Herbert Vogel, Fabled Art Collector, Dies at 89

New York City teems with questionable urban legends. But the fable about the postal clerk and his wife, a Brooklyn librarian, scrimping to amass an astounding collection of modern art, cramming all 5,000 pieces in a rent-controlled one-bedroom apartment, then donating the whole kit and caboodle to the National Gallery of Art in Washington and galleries in all 50 states, is true.

Dorothy and Herbert Vogel at a Manhattan art gallery in 1992. Fred R. Conrad/The New York Times

Herbert Vogel, who retired as a postal clerk in 1980 but kept collecting art, died on Sunday at 89 at a nursing home in Manhattan, the National Gallery announced. When he and his wife, Dorothy, gave thousands of artworks to the museum in 1992, J. Carter Brown, then the museum’s director, called their collection “a work of art in itself.”

So too were the lives of the couple colloquially called Dorothy and Herbert (the order on which Mr. Vogel insisted). Shortly after their wedding in 1962, they bought their first piece of art, a small crushed-metal sculpture by John Chamberlain. Realizing that their own efforts at making art were not up to the standards of Mr. Chamberlain and other artists they admired, they began buying others’ works. Starting slowly, they bought what they liked — within the strictures of two civil-service incomes — with the only criterion that they be able to carry it home.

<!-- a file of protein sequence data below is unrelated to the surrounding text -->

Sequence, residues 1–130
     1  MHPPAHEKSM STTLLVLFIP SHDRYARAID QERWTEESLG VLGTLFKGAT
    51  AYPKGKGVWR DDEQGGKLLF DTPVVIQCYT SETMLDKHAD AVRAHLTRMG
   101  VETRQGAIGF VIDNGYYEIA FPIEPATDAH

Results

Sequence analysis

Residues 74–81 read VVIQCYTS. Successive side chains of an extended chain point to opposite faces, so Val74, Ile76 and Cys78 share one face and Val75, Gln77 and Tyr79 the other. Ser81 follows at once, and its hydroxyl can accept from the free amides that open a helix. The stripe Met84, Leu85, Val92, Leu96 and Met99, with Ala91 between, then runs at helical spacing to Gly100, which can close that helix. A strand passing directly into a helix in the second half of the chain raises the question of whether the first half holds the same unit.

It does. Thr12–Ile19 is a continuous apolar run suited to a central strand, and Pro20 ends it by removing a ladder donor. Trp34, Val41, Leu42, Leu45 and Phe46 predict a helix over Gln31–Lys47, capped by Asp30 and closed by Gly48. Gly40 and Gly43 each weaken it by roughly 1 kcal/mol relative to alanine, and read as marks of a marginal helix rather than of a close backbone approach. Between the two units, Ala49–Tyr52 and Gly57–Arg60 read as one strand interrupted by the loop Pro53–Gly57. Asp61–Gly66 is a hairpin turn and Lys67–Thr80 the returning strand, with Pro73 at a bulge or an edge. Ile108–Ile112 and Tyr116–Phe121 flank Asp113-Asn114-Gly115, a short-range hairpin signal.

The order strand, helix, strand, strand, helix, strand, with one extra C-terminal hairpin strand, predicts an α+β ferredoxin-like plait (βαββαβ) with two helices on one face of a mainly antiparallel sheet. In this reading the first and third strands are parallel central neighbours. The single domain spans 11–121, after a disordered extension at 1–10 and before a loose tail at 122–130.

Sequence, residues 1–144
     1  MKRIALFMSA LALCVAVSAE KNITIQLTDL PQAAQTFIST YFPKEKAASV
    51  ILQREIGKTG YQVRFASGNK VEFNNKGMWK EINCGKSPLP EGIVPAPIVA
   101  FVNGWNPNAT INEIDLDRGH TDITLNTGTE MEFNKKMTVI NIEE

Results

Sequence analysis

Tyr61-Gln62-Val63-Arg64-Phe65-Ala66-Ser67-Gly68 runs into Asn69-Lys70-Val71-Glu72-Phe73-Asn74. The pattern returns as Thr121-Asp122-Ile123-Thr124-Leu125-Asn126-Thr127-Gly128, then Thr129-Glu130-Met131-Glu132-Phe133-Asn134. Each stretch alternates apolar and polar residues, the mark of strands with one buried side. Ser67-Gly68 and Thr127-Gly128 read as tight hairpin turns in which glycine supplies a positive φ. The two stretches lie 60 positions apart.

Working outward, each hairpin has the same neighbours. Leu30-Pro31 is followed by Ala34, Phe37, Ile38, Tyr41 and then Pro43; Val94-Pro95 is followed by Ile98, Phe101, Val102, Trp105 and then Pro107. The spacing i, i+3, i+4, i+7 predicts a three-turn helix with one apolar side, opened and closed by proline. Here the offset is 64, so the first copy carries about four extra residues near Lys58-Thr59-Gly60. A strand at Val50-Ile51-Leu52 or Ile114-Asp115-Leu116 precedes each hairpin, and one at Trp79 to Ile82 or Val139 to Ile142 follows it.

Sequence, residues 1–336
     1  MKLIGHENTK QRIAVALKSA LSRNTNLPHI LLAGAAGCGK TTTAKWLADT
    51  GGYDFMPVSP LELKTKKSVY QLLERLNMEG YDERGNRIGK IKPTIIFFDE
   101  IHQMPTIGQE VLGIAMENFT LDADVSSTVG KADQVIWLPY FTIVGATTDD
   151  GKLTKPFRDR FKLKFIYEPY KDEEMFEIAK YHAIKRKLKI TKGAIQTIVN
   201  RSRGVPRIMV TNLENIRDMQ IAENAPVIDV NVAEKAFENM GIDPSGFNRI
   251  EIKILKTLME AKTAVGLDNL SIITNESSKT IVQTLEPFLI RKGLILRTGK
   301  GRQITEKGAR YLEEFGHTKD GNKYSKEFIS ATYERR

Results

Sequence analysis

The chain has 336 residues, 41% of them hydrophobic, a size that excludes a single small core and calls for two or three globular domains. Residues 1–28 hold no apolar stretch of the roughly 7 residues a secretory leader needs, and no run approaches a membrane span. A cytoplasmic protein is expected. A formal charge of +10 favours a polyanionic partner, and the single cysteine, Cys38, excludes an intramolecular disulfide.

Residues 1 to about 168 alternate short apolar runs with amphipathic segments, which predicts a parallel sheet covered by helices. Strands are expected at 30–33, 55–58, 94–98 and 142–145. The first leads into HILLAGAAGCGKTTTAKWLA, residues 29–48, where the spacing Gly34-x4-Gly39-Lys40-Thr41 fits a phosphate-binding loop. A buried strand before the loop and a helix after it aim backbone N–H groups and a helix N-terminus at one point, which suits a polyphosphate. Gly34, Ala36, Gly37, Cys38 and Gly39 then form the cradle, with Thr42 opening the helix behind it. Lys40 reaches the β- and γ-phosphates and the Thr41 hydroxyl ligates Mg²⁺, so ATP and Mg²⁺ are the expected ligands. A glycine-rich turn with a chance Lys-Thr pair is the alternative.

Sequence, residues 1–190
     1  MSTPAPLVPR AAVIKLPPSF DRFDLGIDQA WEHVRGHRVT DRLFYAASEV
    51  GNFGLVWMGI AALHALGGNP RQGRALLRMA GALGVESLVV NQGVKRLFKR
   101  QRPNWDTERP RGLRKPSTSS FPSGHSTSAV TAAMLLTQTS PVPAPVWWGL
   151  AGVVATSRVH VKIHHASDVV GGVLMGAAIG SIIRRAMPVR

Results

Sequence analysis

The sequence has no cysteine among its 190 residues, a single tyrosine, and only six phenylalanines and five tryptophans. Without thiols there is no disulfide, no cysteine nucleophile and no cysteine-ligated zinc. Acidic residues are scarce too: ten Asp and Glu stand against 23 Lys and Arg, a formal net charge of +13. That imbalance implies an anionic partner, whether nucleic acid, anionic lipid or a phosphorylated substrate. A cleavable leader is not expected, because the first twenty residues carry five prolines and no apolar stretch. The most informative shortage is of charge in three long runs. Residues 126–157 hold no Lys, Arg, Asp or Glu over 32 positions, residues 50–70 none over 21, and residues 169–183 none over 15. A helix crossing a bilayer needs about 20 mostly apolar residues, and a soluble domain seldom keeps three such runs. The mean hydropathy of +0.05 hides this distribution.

Fitting it in their small apartment on the Upper East Side was no problem, as long as they didn’t mind devoting their closets to art, getting rid of their sofa and other furniture, and perpetually tripping over paintings. Mrs. Vogel told journalists that she did not — repeat, did not — keep art in her oven. “We didn’t set out to live bizarrely,” she said in an interview with The New York Times in 1992.

Wandering around the mountains of art were eight cats with names like Manet, Renoir and Corot. Twenty exotic turtles completed the scene.

But the art was what came to matter most, and the Vogel collection grew into a guidepost for an often austere school of art that followed Abstract Expressionism’s long reign: Minimal Art, which often examined monochromatic surfaces and essential forms. It was nowhere near as popular as Pop Art, which drew its colorful imagery from consumer products and arose around the same time.

There was also a buyers’ market for conceptual art, in which the image is an idea. An example in the Vogel collection was a few inches of frayed rope with a nail through it; another was a black cardboard square with the definition of the word “nothing” printed on it in white.

Their style was to make friends with the young, often little-known artists who were making the new art. Thus they bypassed galleries, a practice some in the art world later criticized as cheating the system. They bought on credit and were slow to pay. They had no car, took no vacations and ate TV dinners; a night out was a trip to the nearby Chinese restaurant. They sometimes did cat-sitting in exchange for art.

Artists liked to be taken seriously by patrons eager to understand novel directions in art, and they particularly appreciated the Vogels’ pattern of buying artists’ works over a period of years to capture evolving careers. “You knew when you were selling them something it was becoming part of an important collection,” Chuck Close, who helped develop the painting style called photorealism, said in an interview with Newsday in 1992.